India Insight

Bengal intellectuals queer pitch for communists

Amidst the stream of billboards, posters and party flags flooding Kolkata’s chaotic streets in the run-up to elections, a glazed hoarding featuring popular intellectuals of West Bengal is catching everyone’s eyes these days.

“Pariborton Chai” (We want change), reads the hoarding popping up at regular intervals, in opposition of the communists who have ruled the state uninterruptedly since 1977.

The hoardings are part of a campaign with a difference – It is not mounted by the opposition Trinamool Congress-Congress combine, but by a group of powerful intellectuals who have joined hands against the communists.

Battle lines were drawn by the intellectuals, who had patronized the Marxists for decades, after the government began seizing farmlands for industrialization and allegedly used repressive means to tame those opposing the policy.

The divide became official after the police firing of Nandigram on May 14, 2007 that killed 14 and triggered more violence, largely blamed on the communists.

Stars add glamour to Trinamool’s campaign in Bengal

The controversial seizure of land for industry by the ruling communists in West Bengal may be the biggest chink in their armour for the 2009 polls.

But the opposition Trinamool Congress is not leaving anything to chance in this general election — it’s also taking help from the stars.

Enter Tapas Paul. The archetypal Bengali film hero in the closing decades of the 20th century is already a lawmaker in the state assembly.

Will West Bengal’s Muslims vote for the left?

Are the ruling communists in the stronghold state of West Bengal losing the confidence of its traditional Muslim voters, ahead of their most crucial electoral test this month?

For decades, Muslims have always felt safe in West Bengal, although they have been caught in an uncomfortable position elsewhere in the country after each bomb or militant attack.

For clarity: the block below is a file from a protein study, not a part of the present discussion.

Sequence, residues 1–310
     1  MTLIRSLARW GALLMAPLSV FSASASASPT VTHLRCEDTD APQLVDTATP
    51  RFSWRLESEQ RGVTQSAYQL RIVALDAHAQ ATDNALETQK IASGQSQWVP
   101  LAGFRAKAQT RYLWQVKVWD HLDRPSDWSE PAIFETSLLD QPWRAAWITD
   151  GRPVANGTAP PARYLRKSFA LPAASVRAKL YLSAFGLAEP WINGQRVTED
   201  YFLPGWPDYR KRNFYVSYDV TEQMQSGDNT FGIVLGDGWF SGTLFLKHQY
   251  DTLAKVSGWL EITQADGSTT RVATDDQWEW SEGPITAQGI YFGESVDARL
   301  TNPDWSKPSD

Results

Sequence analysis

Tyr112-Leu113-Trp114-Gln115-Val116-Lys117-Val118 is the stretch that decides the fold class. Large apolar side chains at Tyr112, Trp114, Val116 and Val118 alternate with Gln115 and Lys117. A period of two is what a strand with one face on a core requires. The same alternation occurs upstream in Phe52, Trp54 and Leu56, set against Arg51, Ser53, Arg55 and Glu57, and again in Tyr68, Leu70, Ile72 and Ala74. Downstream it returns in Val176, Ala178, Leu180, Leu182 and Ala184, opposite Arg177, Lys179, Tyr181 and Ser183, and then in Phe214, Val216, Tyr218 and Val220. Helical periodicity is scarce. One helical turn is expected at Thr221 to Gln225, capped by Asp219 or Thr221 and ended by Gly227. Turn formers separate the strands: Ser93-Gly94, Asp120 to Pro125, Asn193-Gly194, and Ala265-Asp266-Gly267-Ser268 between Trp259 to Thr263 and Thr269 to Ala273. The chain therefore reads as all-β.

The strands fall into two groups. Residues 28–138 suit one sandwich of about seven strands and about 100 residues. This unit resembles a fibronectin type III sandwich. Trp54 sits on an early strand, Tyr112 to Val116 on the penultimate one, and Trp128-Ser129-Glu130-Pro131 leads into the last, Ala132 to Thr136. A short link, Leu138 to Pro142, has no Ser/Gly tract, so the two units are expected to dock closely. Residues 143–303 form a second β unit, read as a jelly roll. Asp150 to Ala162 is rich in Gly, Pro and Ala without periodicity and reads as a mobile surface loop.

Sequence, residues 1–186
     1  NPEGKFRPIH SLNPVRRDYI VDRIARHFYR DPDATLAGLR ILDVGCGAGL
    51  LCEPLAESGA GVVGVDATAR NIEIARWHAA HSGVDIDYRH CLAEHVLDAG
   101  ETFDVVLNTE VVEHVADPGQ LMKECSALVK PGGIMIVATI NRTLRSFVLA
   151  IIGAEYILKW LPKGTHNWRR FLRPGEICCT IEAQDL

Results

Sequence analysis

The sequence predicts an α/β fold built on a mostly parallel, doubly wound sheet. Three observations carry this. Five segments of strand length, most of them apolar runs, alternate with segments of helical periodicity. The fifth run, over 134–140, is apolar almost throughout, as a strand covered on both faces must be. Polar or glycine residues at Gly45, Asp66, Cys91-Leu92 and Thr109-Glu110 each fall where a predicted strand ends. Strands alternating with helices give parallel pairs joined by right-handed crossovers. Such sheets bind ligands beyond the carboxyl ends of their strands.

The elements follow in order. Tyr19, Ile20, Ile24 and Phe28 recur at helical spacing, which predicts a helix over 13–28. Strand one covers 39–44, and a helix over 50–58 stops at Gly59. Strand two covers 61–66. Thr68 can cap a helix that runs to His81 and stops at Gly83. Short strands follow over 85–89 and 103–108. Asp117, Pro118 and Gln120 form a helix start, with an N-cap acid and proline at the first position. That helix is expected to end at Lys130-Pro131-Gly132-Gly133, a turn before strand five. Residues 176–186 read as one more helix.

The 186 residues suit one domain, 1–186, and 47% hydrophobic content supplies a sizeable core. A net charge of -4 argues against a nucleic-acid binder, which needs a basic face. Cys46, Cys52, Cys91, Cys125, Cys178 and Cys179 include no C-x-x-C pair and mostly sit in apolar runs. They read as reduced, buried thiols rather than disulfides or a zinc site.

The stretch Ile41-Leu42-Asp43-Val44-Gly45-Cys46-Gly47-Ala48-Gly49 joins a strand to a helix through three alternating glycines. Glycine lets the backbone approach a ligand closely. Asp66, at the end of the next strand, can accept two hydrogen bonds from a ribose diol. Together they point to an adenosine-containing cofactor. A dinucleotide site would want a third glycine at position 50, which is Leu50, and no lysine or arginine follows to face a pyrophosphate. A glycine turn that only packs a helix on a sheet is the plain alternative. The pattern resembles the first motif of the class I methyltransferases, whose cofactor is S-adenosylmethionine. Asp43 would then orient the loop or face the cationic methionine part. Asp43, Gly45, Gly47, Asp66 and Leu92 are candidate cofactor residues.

West Bengal’s left boasted that Muslims, a little over 26 percent in the state of 80 million people, were free from discrimination and were living in harmony.

Singur: It ain’t what you do, it’s the way that you do it

As the deadlock over Singur and the Tata Nano plant rumbles on, much of the debate seems to be missing the point.

SingurThis week, Mukesh Ambani said a “fear psychosis is being created to slow down certain projects of national importance” and said industry should be encouraged to make such large investments.

But in the words of the old song by Ella Fitzgerald (and more recently Bananarama) “It ain’t what you do, it’s the way that you do it”.

Do you have to be mad to fight corruption in India?

The sad story of Kallol Sur caught my eye over the weekend, a local official who apparently hanged himself after blowing the whistle on corruption in India’s flagship National Rural Employment Guarantee Scheme. A labourer works under the National Rural Employment Guarantee Act (NREGA) to build a dirt road at Sheikhpur in India’s poorest state of Bihar January 22, 2008. REUTERS/Desmond Boylan

According to The Sunday Express , Sur, a block development officer — a local bureaucrat — in the eastern state of West Bengal, complained of “immense political pressure” after exposing graft in the scheme.

Sur had apparently first uncovered corruption by officials from the ruling Communist Party (Marxist), and then by others from the opposition Trinamool Congress.

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